I don't know anyone who is not eager to leave 2021 behind.
As "unprecedented" as 2020 was, it still opened with a few weeks of glorious uncertainty. Every minute of this past year passed under the dark cloud of COVID-19, and that shadow added a tint of gloom to nearly everything. Now as another year rolls around, we're all a little gunshy about expressing optimism and hope... even if we're lucky enough to still harbor some.
As I write this, it's already 2022 in most of the world. For both heartbreaking and heartwarming reasons, my household is now half the size it once was. But as I sit alone, listening to the rain outside completely fail to dampen my neighbors' pyromania, I choose to spend these closing moments of the year thinking about the good things that happened in the last twelve months.
I also can't resist the opportunity to suggest what's worth watching in 2022.
As enthusiastically as I follow the sci-tech and startup scene in Hawaii, I know there are dozens of industries and specialties that fly way above my head. I would never go as far as to say that these are the biggest or most important headlines of 2021. Just the ones that made me smile, or hope, or imagine a better future.
Quite frankly, I could have dedicated Hawaii Bulletin solely to Hawaii-based astronomy, and I would stillhave had enough stories to fill my editorial calendar. I did write about how Hawaii observatories defend the Earth against killer asteroids, and how the nation's top scientists agree that building the Thirty-Meter Telescope should be a priority. But so much more happened this year!
University of Hawaii astronomers discovered the nearest exoplanet yet, only 35 light years away (or 6,000 times farther than the Earth orbits the Sun). Hawaii also helped nail down the orbit of the most distant planetoid in our solar system, officially named 2018 AG37 but nicknamed "Farfarout," because it's further out than the last discovered planetoid, "Farout."
Five asteroids were named after UH astronomers this year, bringing the total number of UH-linked named space objects to more than 40.
The Keck Observatory on Maunakea helped discover the smallest known white dwarf in our galaxy. Also installed on Maunakea this year, a SETI instrument to expand the search for alien life. The James Webb Telescope that just launched? UH will be part of the first team to work on its first observations.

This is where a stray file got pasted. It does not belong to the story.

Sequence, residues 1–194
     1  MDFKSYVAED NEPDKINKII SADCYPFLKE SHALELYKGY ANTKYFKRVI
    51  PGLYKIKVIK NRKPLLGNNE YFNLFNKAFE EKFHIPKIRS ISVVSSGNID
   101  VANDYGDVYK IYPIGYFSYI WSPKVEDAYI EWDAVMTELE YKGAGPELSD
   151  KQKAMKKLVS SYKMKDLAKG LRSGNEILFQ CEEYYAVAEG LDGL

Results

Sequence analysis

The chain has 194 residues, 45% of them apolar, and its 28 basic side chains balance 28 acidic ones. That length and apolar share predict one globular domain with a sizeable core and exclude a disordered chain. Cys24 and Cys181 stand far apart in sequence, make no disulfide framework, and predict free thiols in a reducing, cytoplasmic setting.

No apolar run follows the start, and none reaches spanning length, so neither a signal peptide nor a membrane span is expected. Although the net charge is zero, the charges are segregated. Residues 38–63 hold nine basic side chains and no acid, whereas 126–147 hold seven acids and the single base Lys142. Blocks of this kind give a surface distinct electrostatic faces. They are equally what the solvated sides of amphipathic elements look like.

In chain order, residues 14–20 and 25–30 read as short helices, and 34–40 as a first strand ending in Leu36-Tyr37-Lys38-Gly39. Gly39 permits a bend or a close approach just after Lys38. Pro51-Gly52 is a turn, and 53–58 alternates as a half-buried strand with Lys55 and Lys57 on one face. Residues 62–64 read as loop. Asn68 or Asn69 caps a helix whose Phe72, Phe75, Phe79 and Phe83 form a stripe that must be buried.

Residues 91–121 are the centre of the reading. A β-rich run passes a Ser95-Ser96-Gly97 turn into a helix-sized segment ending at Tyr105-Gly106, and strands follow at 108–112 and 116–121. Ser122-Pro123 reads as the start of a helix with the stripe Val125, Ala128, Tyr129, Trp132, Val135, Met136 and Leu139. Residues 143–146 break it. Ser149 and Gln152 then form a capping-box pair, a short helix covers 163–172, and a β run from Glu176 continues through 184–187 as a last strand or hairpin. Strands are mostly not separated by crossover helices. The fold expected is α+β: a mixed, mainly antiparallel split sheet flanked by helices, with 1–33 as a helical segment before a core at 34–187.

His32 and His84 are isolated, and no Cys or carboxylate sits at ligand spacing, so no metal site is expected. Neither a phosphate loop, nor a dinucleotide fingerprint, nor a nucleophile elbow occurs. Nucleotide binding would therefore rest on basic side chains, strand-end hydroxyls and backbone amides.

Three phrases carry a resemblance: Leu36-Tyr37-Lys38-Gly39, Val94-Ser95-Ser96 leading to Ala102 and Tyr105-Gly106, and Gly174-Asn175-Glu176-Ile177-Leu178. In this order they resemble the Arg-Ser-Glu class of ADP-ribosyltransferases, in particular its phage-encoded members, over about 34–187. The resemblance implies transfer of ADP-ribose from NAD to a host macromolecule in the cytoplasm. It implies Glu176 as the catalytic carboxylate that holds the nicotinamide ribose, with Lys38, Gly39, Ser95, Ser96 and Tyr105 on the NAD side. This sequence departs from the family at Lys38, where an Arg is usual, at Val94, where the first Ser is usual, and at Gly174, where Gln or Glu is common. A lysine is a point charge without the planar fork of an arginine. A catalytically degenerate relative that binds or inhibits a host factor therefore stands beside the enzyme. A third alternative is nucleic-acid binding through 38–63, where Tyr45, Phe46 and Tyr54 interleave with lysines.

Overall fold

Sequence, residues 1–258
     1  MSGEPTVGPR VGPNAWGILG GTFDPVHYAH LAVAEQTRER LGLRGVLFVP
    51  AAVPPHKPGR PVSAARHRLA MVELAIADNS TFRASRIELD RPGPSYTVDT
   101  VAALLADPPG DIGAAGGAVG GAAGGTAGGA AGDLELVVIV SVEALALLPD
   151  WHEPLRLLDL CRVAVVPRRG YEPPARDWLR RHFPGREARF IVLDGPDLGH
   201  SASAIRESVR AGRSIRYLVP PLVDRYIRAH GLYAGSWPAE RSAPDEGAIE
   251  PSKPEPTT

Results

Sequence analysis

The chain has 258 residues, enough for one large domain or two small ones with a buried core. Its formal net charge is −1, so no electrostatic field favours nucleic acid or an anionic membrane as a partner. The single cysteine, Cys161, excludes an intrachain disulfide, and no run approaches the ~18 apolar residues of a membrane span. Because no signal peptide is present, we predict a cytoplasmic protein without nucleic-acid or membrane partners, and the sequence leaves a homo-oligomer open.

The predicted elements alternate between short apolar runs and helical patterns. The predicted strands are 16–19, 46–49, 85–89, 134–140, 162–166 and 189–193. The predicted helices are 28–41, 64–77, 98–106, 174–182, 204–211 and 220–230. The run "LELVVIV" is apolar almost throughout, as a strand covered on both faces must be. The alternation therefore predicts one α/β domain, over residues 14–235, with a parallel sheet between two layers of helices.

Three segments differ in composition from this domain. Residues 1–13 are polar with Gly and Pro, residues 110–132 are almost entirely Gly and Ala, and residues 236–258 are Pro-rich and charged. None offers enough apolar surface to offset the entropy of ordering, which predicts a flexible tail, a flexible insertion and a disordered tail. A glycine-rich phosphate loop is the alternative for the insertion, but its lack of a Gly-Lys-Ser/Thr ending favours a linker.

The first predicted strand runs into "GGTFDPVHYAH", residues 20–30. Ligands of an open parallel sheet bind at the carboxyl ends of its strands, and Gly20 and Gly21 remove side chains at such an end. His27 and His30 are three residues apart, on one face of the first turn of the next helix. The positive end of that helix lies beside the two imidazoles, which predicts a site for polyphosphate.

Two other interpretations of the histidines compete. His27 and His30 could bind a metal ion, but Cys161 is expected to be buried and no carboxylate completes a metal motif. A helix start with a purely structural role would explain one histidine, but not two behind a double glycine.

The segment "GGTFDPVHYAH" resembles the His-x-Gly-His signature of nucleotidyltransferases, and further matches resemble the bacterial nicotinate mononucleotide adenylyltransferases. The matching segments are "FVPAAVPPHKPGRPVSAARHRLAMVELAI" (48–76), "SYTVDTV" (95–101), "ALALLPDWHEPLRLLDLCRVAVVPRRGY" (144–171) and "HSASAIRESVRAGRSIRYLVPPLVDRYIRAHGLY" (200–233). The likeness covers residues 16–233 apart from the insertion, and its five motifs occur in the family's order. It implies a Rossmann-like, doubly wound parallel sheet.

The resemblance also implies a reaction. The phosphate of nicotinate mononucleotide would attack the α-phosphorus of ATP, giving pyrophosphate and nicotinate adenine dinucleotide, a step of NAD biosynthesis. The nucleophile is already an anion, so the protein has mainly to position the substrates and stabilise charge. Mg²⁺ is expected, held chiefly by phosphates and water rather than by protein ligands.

Considering Hawaii's relatively small population and economy, I think we're doing pretty good in the number and breadth of programs designed to foster entrepreneurship, launch startups, and promote innovation.
As I noted a couple of weeks ago, Hawaii is one of the best places on Earth to develop and test new and better ways to generate energy. Clean, renewable energy. Isolated as we are, we don't just want to be more energy independent. We have to be.
While solar and wind power are well established, Hawaii's making important strides along less common avenues like ocean wave energy. (I guess we're still skittish about geothermal.) And in December alone, we've seen a $38 million renewable energy upgrade approved on Maui, and a utility-scale, 300-acre, 30-megawatt solar farm coming to Hawaii Island.
People laughed in 2015 when Hawaii said it wanted to get to 100 percent renewable energy by 2045. But fewer people are counting us out today.
A few of other stories come to mind as high points of 2021:
Hawaii's COVID exposure notification app gains traction, as it turns out the pandemic wasn't over
A local company launched its own rideshare service, taking on giants Uber and Lyft.
Hawaii hosted a global esports tournament, even as most gamers count us out due to distance.
Hawaiians in Technology directory launches, documenting growing representation in the tech industry
Hawaii's cryptocurrency pilot program expands, although a 2022 deadline looms
Movers and Shakas hosted its first cohort, but delayed its second until next year, a controversial program that tries to tap the talents of remote workers to benefit local organizations
The last two years have proven that making predictions is a fool's errand. But there are topics that I'll be keeping a close eye on in 2022.
Cryptocurrency in Hawaii: The two-year DCIL pilot ends on June 30, 2022. There can be no extensions. Either Hawaii's legislature will act this upcoming session to loosen or at least streamline its financial regulatory regime, or Bitcoin and other digital currencies will effectively remain illegal in the state. (Which just puts these opportunities out of reach of people without the technical know-how to circumvent the law.)
Pandemic Pivot: We were told from the beginning that the pandemic could last years, but now we believe it. The only two ways out are (1.) universal adoption of reasonable requirements and restrictions and (2.) advances in technology that allow us to ignore it. Let's just say I don't expect human behavior to get any better next year. Maybe someone will invent an invisible, comfortable facemask? Until then, will Hawaii again lock down?
Critical cybersecurity: Humans aren't the only things under attack. Malicious hackers have now managed to disrupt the daily lives of average citizens. And given our isolation and shaky infrastructure, Hawaii seems especially vulnerable. Big investment, policy changes, and new ideas are needed.
Esports advancement: Maybe it's because I just participated in my first Twitch livestream today, but I'm more bullish on esports in Hawaii. It certainly looks like COVID is again going to require tournaments all around the world to remain remote. Why not Hawaii, again?
And, to be sure, we can expect a lot of good news in the energy space, from the astronomy community, and the broader innovation economy. I'm looking forward to what's next, and I'm hoping you'll join me as we explore these stories.
Header photo courtesy Anthony Nguyen/EyeEm via Getty Images.